Patio Fixed With Foam

Dan:

I am Dan with Concrete Raising Corporation. And we’re here this morning looking at a patio that is starting to move. You can tell from this fire pit that we have issues of slabs popping off. You have cracks opening up, and then through the tiles you can see where it’s starting to break off and kind of slide. Now, the cause for this is probably a little bit of everything. You have a tree that’s really beautiful, but it’s taking out moisture, which causes settlement as the soils contract. And in Houston, there’s a lot of clay in the soil, and as clays lose moisture, you get settlement.

So with this job, we decided polyurethane because we wanted to use a smaller hole since this job has tile on it. The sizes for the holes for polyurethane are five eights. And for grout you’re looking closer to inch and three quarters. So a little bit bigger than this golf ball. So what we have here are a couple of different materials that we use to repair concrete. We have polyurethane and cementitious grout. The grout is basically a Portland Cement sand and topsoil. It goes in sort of like a pancake batter, flows underneath and hydraulic pressure lifts the panels up.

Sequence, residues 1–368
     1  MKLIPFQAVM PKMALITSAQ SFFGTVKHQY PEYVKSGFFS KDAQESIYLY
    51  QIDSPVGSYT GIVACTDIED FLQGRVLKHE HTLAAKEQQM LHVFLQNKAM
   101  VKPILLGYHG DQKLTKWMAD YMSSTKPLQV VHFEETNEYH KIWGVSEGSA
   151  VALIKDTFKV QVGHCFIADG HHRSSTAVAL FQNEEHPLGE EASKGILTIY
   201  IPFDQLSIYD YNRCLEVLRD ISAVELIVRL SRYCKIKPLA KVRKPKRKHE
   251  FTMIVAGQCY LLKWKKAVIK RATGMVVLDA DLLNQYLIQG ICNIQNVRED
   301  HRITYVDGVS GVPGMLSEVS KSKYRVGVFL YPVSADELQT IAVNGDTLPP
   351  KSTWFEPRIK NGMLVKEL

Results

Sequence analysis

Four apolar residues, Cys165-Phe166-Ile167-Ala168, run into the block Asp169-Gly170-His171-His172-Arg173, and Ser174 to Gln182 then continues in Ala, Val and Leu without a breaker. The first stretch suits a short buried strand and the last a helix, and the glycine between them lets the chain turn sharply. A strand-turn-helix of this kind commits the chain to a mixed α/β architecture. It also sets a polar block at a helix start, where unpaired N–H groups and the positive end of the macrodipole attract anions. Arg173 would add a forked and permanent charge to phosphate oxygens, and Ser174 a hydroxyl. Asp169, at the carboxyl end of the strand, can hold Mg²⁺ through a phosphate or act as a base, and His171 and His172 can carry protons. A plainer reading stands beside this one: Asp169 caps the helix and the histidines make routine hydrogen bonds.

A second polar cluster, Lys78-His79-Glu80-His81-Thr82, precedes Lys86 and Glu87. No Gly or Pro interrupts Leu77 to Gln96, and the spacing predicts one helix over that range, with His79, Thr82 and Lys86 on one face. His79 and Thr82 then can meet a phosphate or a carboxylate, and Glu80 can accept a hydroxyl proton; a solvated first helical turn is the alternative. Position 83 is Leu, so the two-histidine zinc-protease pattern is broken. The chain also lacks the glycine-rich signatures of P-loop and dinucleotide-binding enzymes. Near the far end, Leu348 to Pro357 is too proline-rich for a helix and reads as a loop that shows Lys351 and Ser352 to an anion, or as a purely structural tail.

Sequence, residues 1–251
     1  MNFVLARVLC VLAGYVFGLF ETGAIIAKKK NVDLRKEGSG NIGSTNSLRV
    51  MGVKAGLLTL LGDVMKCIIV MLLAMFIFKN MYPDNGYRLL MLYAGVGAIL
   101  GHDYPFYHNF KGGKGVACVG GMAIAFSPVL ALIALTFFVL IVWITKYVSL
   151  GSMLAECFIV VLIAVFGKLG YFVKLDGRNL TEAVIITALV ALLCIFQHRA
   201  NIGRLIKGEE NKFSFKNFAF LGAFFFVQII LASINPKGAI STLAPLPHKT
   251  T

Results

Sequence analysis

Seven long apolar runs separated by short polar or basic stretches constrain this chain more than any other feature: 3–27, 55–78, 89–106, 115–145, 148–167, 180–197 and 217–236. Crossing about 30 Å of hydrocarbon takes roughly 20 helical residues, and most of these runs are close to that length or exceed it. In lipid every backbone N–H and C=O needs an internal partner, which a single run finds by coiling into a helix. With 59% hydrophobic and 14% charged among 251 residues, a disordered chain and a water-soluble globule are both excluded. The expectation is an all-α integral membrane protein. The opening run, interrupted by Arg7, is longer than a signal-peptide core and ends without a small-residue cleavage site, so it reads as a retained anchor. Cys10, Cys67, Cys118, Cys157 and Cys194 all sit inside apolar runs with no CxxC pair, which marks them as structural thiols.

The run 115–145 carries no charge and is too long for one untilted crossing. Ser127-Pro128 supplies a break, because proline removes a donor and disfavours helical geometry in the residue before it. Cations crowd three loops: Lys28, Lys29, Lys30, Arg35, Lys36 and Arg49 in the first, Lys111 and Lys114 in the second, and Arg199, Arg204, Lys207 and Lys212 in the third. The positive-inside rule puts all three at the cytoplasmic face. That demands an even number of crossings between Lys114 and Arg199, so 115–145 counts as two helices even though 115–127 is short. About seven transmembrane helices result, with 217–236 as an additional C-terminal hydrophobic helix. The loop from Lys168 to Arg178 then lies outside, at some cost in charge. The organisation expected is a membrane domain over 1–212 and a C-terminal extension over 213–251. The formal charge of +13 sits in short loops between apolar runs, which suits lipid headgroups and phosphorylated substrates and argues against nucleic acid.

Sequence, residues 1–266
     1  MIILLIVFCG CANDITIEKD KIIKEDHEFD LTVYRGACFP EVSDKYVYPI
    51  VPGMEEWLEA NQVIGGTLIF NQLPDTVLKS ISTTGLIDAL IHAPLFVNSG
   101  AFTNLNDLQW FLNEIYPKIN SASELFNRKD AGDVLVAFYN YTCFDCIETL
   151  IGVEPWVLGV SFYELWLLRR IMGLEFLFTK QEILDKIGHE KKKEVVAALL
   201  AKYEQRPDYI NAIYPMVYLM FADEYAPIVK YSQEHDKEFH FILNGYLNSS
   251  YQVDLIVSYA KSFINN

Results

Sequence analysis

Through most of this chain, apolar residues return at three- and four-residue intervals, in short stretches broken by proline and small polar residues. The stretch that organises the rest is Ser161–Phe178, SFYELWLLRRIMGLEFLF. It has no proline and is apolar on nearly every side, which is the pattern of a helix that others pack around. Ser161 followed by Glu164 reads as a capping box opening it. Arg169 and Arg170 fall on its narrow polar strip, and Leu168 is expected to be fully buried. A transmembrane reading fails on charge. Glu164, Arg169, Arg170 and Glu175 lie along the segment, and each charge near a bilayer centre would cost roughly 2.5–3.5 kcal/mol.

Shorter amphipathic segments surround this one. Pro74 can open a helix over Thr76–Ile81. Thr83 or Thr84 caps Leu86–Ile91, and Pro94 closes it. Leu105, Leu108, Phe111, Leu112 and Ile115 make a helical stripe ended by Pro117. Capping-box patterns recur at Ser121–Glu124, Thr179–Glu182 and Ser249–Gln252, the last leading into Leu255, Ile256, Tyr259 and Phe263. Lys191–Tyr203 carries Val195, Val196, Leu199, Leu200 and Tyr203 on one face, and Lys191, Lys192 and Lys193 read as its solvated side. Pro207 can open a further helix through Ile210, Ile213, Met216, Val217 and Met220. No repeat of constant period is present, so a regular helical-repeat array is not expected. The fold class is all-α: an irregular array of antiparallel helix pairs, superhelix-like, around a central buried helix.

Our other option is polyurethane foam, they come in different densities. Here we have one that basically four pounds make a cubic foot of material, and this is basically two pounds that makes a cubic foot of material. So this would be cheaper because it uses less material. And for residential type jobs, that’s a little bit more appropriate to use a less dense material because you don’t have heavy vehicle traffic on it. Where this would be a DOT approved polyurethane foam. And every job that we go to we have to look at it and assess what are we trying to achieve, what material will best achieve that goal?

So he’s injecting polyurethane foam right now. There’s an A and B material that are mixing in the gun and as it is injected in the hole, it’s having a chemical reaction, which causes the foam to expand. And that foam is going to fill the voids and then once the voids are filled, we start to build pressure. And the pressure is what’s giving us the lift.

So there’s what we call a zip level that’s monitoring the lift. Right now it’s at 0.1. And as it’s moving, he can see how many tenths the slab is moving as he injects the material. And in this particular situation, we’re trying to more stabilize this area so it doesn’t fall further, but we can also get additional lift if we need it.

So we’re done patching. The goal of this job was really to stabilize this patio to keep it from getting worse. So we’ve gone through, we’ve gotten about a quarter of an inch along this whole edge, and in the process that material spread out, stabilize the soils, fill the voids, and that should help keep this from settling further in the future. There’s no silver bullet in Houston with the clays that we have, so we’re just trying to minimize the impact of the tree and the soils to make this last as long as possible.

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